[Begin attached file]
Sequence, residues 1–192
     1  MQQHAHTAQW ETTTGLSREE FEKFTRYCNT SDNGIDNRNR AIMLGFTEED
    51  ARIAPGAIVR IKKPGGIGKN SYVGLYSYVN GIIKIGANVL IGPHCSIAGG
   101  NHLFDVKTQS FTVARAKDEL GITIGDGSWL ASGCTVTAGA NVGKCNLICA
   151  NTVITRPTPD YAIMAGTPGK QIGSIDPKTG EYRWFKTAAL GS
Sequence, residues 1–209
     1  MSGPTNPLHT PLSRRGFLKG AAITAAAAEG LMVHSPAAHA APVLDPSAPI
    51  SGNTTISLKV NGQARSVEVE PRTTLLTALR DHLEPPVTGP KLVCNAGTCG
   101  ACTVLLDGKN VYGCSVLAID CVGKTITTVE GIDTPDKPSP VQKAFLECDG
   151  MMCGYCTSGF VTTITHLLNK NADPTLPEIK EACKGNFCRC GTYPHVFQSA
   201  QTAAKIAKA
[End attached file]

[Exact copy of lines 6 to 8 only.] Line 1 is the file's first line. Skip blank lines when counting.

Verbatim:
Sequence, residues 1–209
     1  MSGPTNPLHT PLSRRGFLKG AAITAAAAEG LMVHSPAAHA APVLDPSAPI
    51  SGNTTISLKV NGQARSVEVE PRTTLLTALR DHLEPPVTGP KLVCNAGTCG